Dwelling On What Has Been

The house had gone to bring again
To the midnight sky a sunset glow.
Now the chimney was all of the house that stood,
Like a pistil after the petals go.

The barn opposed across the way,
That would have joined the house in flame
Had it been the will of the wind, was left
To bear forsaken the place’s name.

No more it opened with all one end
For teams that came by the stony road
To drum on the floor with scurrying hoofs
And brush the mow with the summer load.

The birds that came to it through the air
At broken windows flew out and in,
Their murmur more like the sigh we sigh
From too much dwelling on what has been.

Yet for them the lilac renewed its leaf,
And the aged elm, though touched with fire;
And the dry pump flung up an awkward arm:
And the fence post carried a strand of wire.

For them there was really nothing sad.
But though they rejoiced in the nest they kept,
One had to be versed in country things
Not to believe the phoebes wept.
 ~Robert Frost “The Need of Being Versed in Country Things”

The field of my childhood farm (1954-59) with the red barn visible on the right. The house was destroyed by fire in the mid-60s but the barn was spared

photo by Harry Rodenberger

My family sold our first farm in East Stanwood when my father took a job working for the state in Olympia, moving to supervising high school agriculture teachers rather than being a teacher himself. It was a difficult transition for us all: we moved to a smaller home and a few acres, leaving behind a large two story house, a huge hay barn and chicken coop as well as large fields and a woods where our dairy cows had grazed.

Only a few years later, the old farmhouse burned down but the rest of the buildings were spared. It passed through a few hands and when we had occasion to drive by, we were dismayed to see how nature was taking over the place. The barn still stood but unused it was weathering and withering. The windows were broken, birds flew in and out, the former flower garden had grown wild and unruly.

This was the place I was conceived and learned to walk and talk, where I developed my love for wandering in the fields and respecting the farm animals we depended upon. I remember as a child of four sitting at the kitchen table looking out the window at the sunrise coming rising over the woods and making the misty fields turn golden.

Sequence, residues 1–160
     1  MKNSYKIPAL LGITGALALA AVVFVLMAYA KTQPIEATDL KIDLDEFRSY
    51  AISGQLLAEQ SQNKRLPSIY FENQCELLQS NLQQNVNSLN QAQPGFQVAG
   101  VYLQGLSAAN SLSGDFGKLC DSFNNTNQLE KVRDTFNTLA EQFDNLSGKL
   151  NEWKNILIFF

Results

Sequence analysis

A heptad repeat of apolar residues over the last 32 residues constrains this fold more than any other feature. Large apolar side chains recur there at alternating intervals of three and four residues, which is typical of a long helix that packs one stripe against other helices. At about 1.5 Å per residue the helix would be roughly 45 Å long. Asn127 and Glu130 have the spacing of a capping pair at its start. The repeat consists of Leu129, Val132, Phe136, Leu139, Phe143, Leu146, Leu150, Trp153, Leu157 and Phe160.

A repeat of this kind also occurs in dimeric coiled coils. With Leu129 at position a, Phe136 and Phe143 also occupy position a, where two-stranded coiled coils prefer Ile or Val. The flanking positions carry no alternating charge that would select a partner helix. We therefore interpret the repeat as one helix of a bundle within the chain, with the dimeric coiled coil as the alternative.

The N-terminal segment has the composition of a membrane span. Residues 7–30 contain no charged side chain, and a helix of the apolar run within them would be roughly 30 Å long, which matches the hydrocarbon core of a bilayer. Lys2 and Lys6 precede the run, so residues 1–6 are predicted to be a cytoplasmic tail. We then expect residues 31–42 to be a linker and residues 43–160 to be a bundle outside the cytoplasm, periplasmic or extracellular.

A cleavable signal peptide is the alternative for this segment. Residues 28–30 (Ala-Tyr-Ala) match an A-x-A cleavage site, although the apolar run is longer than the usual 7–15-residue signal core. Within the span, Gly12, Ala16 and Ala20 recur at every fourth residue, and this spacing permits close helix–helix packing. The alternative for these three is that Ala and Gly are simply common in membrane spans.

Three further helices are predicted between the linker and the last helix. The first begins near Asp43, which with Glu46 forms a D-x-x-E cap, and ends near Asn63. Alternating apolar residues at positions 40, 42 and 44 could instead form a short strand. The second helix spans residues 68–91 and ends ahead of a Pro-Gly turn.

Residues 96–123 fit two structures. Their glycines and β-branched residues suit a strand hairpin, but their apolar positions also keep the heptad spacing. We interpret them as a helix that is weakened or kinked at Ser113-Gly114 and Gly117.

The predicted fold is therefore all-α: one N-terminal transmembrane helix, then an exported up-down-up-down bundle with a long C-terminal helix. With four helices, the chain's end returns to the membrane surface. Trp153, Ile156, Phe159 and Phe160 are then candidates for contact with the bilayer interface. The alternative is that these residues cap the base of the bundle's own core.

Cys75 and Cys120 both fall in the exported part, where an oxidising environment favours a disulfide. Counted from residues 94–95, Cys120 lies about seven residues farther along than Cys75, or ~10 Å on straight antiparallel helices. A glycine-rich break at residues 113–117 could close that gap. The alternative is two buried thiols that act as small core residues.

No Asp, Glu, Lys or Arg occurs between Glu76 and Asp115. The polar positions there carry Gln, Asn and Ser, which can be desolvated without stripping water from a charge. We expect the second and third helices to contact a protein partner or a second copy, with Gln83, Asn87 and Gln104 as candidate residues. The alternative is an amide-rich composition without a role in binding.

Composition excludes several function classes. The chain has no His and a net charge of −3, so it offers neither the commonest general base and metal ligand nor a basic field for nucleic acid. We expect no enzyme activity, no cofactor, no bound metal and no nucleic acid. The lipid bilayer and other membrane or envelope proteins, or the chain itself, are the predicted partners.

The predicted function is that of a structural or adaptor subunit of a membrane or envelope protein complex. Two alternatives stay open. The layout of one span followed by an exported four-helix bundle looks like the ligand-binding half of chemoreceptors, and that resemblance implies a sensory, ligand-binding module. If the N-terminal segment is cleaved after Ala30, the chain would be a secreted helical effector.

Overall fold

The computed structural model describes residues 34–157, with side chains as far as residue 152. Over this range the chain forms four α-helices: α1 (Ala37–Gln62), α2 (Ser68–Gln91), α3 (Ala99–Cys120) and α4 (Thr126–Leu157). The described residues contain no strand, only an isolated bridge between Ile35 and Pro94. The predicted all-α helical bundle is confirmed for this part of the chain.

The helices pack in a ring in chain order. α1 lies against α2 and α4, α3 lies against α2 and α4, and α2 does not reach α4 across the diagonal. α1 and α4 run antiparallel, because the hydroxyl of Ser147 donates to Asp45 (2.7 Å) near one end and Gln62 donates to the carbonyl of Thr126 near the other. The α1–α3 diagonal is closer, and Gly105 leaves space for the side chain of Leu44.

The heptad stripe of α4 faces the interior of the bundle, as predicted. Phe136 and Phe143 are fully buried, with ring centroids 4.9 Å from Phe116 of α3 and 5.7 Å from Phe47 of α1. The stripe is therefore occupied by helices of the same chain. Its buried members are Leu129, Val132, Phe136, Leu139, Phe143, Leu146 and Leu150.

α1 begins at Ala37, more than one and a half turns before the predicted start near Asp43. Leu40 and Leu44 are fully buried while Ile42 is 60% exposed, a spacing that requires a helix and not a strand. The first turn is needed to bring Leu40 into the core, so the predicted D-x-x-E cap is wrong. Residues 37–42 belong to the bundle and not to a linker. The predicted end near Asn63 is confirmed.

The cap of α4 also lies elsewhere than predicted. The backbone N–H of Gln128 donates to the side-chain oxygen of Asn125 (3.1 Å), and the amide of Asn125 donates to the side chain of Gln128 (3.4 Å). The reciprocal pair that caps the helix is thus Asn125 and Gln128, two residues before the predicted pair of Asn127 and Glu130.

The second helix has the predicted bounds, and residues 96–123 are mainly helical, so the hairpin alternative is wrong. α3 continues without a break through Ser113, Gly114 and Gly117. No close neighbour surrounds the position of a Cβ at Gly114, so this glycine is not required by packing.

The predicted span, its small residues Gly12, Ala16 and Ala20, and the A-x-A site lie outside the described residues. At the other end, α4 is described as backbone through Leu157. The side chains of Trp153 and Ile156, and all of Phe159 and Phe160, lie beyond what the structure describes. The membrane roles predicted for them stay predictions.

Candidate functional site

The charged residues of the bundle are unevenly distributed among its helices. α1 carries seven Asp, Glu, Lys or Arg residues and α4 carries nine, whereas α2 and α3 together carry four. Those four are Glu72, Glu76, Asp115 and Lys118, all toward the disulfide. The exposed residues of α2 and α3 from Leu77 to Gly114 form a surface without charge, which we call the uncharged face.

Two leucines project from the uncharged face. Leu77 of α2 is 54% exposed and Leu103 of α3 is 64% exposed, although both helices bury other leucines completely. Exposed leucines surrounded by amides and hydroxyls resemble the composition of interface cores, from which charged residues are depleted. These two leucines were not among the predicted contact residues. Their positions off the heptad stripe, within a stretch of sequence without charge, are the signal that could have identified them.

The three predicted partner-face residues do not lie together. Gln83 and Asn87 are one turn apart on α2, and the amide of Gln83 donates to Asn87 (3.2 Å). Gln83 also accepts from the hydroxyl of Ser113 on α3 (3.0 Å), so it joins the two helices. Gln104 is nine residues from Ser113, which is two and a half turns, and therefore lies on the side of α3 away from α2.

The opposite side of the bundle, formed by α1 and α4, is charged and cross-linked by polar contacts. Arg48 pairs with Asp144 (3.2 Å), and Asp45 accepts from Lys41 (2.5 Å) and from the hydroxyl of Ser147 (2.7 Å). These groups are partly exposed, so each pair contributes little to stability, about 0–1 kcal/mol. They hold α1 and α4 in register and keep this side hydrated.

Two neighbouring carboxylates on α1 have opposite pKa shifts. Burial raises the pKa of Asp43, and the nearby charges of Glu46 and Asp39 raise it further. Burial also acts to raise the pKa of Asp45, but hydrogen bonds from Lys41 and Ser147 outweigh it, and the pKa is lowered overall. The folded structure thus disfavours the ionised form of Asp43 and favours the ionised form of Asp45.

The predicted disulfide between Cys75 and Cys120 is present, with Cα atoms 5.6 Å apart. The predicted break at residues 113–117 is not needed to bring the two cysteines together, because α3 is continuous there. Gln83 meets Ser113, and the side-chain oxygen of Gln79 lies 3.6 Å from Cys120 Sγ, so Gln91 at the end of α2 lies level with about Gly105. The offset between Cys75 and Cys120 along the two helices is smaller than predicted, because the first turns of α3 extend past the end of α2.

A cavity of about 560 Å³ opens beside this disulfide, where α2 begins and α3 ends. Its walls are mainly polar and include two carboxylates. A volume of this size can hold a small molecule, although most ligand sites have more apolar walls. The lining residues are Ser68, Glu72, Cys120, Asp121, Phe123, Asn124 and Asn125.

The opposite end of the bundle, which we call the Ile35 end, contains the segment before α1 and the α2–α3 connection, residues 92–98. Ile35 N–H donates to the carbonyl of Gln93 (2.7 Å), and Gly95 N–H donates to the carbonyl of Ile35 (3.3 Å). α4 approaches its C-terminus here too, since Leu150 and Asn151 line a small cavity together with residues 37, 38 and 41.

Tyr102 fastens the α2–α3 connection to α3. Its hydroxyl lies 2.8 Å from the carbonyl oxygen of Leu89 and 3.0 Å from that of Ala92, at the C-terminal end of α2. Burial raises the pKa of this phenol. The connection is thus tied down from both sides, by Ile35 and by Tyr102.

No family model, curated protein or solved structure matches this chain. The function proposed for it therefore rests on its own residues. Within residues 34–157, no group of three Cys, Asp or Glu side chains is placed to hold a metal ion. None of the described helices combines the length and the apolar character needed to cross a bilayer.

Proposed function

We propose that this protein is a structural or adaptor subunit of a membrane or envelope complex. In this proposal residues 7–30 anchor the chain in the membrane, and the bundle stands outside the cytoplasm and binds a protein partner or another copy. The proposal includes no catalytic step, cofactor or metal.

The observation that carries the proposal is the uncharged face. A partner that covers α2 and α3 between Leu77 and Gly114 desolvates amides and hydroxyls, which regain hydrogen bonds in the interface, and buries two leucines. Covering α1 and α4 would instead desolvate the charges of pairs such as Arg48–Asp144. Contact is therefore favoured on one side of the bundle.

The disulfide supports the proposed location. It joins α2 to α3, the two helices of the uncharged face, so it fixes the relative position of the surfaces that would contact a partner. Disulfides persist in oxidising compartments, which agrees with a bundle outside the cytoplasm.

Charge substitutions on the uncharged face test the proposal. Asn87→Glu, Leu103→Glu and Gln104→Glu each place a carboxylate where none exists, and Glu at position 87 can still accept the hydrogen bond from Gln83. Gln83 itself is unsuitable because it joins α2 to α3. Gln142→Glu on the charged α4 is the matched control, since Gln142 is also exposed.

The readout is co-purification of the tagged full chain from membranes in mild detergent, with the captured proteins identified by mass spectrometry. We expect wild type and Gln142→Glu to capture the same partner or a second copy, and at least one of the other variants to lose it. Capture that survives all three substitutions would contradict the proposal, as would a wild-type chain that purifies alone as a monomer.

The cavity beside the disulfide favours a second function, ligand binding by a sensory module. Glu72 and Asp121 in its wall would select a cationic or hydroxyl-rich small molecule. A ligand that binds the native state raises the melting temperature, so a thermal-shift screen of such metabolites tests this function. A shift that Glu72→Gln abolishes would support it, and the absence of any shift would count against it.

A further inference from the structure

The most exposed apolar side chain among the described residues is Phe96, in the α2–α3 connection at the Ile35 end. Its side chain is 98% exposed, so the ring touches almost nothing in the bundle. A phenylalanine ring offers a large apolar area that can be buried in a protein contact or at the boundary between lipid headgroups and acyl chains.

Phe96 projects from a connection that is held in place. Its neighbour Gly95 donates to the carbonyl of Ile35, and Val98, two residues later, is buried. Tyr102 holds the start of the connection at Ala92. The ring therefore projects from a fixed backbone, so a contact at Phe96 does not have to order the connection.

Yet now this land has returned to its essence before the ground was ever plowed or buildings were constructed. It no longer belongs to our family (as if it ever did) but it forever belongs to our memories.

I am overly prone to nostalgia, dwelling more on what has been than what is now or what I hope is to come. It is easy to weep over the losses when time and circumstances reap circumstances that become unrecognizable.

I may weep, but nature does not. The sun continues to rise over the fields, the birds continue to build nests, the lilacs grow taller with outrageous blooms, and each day ends with a promise of another to come.

So I must dwell on what lies ahead, not what perished in the ashes.

photo by Harry Rodenberger

A book available from Barnstorming — information about how to order here

8 thoughts on “Dwelling On What Has Been

  1. I just shared this beautiful post with a friend. I think its ok to reminisce as long as we don’t get fixated on any of our memories. I believe the Lord is always desiring us to move forward. The pictures are beautiful and your words are always a delight to read. Thank you.

    Liked by 1 person

  2. I have many fond memories of The Farm…
    Home for my father for 95 years
    and home for me for 70 years
    And prior to us
    It was home to the previous two generations of our family…
    my maternal great grandparents and
    then my paternal grandparents.
    Soooooooooooo much family history there

    Liked by 1 person

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